Introduction to YuanMingYuan Park
YuanMingYuan, also known as the 'Old Summer Palace' and originally called the Imperial Gardens, was an extremely large complex of palaces and gardens 8 km (5 miles) northwest of the old city wall of Beijing (that is, about 8km from XiZhiMen subway station). YuanMingYuan is very close to the Summer Palace; in fact, slightly nearer to central Beijing. There is now a subway station here (YuanMingYuan Park, line 4).
YuanMingYuan was constructed during the 18th and early 19th century and was a wonderland of lakes and waterways, bridges, hills and pavilions.
One-third of the ground of YuanMingYuan was taken up by over 200 small hills with steep sides, secluded valleys, rock walls and stone caves.
Half of the garderns are covered by the waters of lakes, winding streams and ponds.
It was at YuanMingYuan that the emperors of the Qing Dynasty resided and handled government affairs - until it was destroyed; the Forbidden City was mostly used only for formal ceremonies at this time.
The southern part of YuanMingYuan was where emperors handled state affairs, while the other parts were primarily for personal use and composed of more than 150 scenic spots, involving rare exotic flowers and trees from different parts of the country.
There were originally towers, terraces, pavilions, halls, corridors, pagodas and bridges with a total construction area of 150,000 square meters, corresponding to that of the Imperial Palace. Artisans were recruited from all over China to enact the exquisite settings.
The various styles of architecture, standing encircled by hills and rivulets, presented a most picturesque view.
Of the eventual total of 160 scenic attractions, many were reproductions of scenic mountains, rivers and famous gardens in China (mostly southern China).
During his many tours of the country, Emperor QianLong made it a point to have pictures of famous gardens and scenes drawn so that he could have replicas built in Beijing. Most famous of these were the ten scenic spots of the West Lake in HangZhou.
The Old Summer Palace is often associated with the European-style palaces (Xi Yang Lou) that were built of stone. The designers of those structures, the Jesuits Giuseppe Castiglione and Michel Benoist, were employed by Emperor QianLong to satisfy his taste for exotic buildings and objects.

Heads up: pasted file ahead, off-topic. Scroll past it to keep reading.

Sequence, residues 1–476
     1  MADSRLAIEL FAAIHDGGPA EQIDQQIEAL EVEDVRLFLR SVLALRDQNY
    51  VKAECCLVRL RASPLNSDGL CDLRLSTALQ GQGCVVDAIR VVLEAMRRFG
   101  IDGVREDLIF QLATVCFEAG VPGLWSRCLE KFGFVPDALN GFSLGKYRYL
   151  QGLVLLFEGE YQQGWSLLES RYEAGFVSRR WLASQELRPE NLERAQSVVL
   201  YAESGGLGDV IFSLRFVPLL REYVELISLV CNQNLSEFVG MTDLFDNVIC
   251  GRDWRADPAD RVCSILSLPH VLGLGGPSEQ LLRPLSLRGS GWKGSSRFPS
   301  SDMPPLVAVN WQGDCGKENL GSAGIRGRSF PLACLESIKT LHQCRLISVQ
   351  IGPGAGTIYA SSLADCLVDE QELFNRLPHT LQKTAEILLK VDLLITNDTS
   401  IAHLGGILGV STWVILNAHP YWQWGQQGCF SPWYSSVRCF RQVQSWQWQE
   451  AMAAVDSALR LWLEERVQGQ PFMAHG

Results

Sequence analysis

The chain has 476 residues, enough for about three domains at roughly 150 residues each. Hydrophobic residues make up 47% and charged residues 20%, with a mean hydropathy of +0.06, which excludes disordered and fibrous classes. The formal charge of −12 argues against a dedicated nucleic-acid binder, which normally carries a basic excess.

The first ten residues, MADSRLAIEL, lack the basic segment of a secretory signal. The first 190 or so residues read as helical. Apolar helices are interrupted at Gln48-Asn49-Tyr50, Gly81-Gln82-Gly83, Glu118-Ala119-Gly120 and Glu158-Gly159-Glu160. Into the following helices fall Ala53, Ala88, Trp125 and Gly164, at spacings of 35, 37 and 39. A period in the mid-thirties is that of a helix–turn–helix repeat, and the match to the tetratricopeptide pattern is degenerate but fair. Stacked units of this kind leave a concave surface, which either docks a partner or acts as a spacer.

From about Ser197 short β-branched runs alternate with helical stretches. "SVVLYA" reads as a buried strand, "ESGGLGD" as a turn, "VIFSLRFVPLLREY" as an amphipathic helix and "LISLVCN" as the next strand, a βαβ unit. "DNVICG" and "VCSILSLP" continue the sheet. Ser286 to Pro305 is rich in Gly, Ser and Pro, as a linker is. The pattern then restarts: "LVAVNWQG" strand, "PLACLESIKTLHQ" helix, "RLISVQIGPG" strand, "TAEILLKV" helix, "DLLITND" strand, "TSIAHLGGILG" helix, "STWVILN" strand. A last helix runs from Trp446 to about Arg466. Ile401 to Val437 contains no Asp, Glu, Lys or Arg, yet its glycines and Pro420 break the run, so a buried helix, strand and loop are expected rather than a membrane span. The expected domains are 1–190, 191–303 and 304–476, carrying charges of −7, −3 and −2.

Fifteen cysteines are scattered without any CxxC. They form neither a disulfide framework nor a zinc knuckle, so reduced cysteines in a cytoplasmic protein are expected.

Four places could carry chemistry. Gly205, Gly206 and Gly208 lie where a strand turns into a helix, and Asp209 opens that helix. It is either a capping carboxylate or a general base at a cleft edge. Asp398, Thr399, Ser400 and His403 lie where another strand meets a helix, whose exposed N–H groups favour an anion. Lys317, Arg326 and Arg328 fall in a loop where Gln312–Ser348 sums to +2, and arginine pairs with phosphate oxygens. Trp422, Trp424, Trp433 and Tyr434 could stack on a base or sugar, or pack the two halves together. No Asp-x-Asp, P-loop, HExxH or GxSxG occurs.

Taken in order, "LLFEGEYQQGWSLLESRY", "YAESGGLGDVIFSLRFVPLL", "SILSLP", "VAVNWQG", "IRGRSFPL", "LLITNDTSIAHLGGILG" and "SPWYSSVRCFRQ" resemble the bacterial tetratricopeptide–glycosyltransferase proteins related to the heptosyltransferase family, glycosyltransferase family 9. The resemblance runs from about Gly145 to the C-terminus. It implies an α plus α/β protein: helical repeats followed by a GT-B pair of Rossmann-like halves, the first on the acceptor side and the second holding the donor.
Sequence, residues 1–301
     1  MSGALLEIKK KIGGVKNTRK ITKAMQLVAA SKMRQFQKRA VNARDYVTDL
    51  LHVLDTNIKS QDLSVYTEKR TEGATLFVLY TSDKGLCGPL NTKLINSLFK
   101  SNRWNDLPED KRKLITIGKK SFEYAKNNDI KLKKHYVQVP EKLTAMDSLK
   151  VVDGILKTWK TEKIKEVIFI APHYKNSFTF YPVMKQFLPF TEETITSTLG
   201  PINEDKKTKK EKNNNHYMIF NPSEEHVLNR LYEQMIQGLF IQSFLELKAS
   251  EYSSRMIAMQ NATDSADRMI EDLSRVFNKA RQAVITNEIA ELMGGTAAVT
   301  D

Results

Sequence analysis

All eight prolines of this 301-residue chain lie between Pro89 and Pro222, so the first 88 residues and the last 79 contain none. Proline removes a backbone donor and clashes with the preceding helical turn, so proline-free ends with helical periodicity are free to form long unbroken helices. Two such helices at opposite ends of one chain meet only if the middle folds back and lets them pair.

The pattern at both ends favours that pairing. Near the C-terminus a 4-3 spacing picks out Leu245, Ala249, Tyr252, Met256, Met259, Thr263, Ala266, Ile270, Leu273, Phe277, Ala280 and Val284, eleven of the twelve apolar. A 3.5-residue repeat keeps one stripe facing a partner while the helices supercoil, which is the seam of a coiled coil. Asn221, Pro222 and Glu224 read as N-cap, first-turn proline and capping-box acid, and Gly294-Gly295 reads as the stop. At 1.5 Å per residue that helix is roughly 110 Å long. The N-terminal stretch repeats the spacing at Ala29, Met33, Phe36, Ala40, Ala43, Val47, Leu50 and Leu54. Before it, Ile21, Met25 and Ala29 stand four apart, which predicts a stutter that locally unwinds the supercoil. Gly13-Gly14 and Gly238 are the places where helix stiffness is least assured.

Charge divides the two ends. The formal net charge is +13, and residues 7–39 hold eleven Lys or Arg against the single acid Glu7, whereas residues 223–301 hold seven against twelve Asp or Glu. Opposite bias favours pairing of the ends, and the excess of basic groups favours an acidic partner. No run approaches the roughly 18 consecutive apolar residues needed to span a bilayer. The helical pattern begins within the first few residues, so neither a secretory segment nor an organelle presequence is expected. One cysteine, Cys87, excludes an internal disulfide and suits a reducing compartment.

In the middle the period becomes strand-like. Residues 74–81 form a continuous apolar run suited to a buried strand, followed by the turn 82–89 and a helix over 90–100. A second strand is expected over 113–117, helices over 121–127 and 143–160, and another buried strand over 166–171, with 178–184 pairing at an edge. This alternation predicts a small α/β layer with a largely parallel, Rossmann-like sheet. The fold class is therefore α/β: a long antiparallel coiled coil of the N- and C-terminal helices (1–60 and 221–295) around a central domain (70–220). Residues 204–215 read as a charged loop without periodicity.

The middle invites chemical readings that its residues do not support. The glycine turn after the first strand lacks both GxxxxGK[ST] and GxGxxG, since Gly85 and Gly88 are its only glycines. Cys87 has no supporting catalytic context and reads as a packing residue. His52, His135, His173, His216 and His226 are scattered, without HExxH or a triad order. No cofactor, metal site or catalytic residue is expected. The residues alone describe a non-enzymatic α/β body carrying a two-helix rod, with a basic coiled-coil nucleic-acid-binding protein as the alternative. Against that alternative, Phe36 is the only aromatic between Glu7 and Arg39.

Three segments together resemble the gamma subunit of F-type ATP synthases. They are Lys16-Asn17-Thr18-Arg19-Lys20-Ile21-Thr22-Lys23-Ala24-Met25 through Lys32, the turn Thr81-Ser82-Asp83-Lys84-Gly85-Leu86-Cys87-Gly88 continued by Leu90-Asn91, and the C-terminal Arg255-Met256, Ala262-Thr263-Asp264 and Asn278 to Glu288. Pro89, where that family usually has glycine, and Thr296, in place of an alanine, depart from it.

However, more than 95% of the Imperial Gardens consisted of essentially Chinese-style buildings. There were also a few buildings in Tibetan and Mongolian styles, reflecting the diversity of the Qing empire.
In addition, hundreds of invaluable Chinese art masterpieces and antiquities were stored in the halls, including some unique copies of literary works and collections.
YuanMingYuan was, indeed, a veritable museum of garden construction and horticulture. Known to be one of the largest museums in the world, a popular name in China was the 'Garden of Gardens'.
Close to the ruins of the western style palaces is the museum. It elaborates the history of YuanMingYuan and its future restoration. Also inside is a copy of a letter written in 1861 by Victor Hugo condemning the destruction by the invading Anglo-French troops as barbaric.
Close to the main south gate entrance (on the right / east side) is a new Information Center at which you will find many interesting resources and can purchase a large map of the original gardens showing all the buildings and bridges that once existed here.
The main gate to the park is the south gate; this gate is also the nearest to central Beijing and the easiest to get to. There is another gate ('east gate') near to the ruins of the western-style palaces.
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